Wednesday, 15 May 2019 | The BBC [British Broadcasting Corporation] has come under fire for censoring virulent anti-Jewish sentiments in a documentary about violent Hamas-orchestrated border riots, which aired Monday evening on BBC Two.
In the English subtitles of the 60-minute film, One Day in Gaza, the BBC translated the Arabic word for “Jew” (Yahud) to “Israeli” in an apparent attempt to play down expressions of anti-Semitism in the documentary.
One of the Palestinian rioters remarked in Arabic: “The revolutionary songs, they excite you, they encourage you to rip a Jew’s head off.” But the English translation of Bader Saleh’s remarks offered by the BBC referred to an “Israeli,” not a “Jew.”
The rioter also said: “I was really close to the fence and I could see this Jewish soldier with his gun. I could even see the gun he was carrying.”
The interview with Saleh was just one of at least five instances of the Arabic word for “Jew” being purposely mistranslated to “Israeli” to overtly censor anti-Semitic sentiments in the documentary.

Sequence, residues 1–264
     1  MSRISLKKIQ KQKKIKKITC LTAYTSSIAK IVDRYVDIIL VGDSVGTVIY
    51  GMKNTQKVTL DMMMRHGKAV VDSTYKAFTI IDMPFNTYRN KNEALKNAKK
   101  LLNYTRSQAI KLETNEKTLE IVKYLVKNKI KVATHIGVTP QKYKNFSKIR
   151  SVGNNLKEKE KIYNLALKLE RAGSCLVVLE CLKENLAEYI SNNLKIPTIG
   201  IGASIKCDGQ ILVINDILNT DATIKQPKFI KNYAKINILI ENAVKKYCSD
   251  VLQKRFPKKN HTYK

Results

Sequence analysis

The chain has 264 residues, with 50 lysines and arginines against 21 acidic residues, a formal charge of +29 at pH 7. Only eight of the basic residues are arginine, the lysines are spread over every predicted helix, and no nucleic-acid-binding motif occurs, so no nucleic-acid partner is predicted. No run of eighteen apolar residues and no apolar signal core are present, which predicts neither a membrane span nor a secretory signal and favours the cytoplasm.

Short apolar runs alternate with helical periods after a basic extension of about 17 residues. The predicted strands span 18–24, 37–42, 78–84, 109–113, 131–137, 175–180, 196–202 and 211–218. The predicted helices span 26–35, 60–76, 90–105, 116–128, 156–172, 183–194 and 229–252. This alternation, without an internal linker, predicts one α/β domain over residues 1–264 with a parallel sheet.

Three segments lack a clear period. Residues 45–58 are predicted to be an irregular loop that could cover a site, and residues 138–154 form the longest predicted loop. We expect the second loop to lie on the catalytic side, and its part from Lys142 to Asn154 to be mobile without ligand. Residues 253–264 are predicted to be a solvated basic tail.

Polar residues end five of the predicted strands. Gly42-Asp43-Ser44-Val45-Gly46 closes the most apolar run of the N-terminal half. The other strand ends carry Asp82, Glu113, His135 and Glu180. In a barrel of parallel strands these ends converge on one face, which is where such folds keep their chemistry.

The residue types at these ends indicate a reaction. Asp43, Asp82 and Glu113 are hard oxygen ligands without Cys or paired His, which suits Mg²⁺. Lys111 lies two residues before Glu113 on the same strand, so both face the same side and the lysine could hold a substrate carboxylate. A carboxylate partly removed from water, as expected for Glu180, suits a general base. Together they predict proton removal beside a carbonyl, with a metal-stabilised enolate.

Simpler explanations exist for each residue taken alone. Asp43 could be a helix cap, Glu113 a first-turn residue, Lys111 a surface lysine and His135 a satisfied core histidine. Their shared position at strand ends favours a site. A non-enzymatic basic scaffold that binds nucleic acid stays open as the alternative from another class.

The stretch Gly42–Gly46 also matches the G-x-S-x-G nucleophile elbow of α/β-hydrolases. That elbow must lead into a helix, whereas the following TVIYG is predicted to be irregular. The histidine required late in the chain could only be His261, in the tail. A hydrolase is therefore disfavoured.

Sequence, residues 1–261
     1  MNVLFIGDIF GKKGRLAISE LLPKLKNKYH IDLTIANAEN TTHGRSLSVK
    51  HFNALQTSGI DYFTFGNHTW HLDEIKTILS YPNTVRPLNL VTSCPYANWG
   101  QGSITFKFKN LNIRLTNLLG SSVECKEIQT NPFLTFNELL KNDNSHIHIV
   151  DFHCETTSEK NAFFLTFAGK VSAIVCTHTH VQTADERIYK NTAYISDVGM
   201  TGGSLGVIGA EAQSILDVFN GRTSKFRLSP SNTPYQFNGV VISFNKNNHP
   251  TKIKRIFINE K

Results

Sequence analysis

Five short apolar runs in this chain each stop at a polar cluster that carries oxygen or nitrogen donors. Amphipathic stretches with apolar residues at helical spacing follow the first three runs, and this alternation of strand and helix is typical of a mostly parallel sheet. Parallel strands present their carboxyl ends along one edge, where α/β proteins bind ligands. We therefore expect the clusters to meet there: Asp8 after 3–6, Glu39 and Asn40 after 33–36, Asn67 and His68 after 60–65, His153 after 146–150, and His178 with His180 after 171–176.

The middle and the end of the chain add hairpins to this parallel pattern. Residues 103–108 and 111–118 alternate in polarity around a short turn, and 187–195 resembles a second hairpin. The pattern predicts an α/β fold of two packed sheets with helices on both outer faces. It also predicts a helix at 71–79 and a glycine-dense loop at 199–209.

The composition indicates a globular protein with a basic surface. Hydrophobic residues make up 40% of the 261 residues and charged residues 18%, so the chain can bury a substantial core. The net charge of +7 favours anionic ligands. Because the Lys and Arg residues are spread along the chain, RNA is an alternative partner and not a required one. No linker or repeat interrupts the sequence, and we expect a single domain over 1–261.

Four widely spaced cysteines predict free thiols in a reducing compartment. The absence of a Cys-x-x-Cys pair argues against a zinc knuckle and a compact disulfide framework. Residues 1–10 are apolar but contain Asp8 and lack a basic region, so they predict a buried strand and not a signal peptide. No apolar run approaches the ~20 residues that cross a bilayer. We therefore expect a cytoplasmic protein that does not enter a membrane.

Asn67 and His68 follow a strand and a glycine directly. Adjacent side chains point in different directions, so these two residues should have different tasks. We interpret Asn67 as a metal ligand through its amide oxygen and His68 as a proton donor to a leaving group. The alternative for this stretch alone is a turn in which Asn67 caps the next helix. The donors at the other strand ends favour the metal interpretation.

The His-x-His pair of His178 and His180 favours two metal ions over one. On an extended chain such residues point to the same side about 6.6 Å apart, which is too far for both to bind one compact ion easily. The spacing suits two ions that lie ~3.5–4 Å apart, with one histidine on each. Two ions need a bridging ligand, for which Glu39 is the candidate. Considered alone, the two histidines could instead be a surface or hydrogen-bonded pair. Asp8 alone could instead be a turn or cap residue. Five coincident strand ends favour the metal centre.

The BBC similarly quoted another rioter, Hanan Abu Jamee’a, as saying: “Some of us distracted the Israelis with stones and Molotov cocktails,” when in fact, she employed the Arabic word for “Jews” to refer to IDF [Israel Defense Forces] soldiers.
In another instance, interviewee Reem Abu Ermana noted: “They would pull the car tires with a wire to act as a cover for the young people, so the smoke would protect them from the Jews.” But according to the BBC subtitles, the woman referred to IDF soldiers as “Israelis.”
Board of Deputies [of British Jews] Senior Vice President Sheila Gewolb sharply condemned the BBC for the censorship.
“The anti-Jewish racism in the phrase ‘rip a Jew’s head off’ is there for all to see. The BBC should explain why viewers were given a subtitle in which the word Jew was substituted for Israeli,” Gewolb said.
“Does the BBC believe that its job is to protect the perpetrators from their own racism?”
Posted on May 15, 2019
Source: (This article was originally published by The Israel Project in its publication The Tower on May 14, 2019. Time-related language has been modified to reflect our publication today. See original article at this link.)
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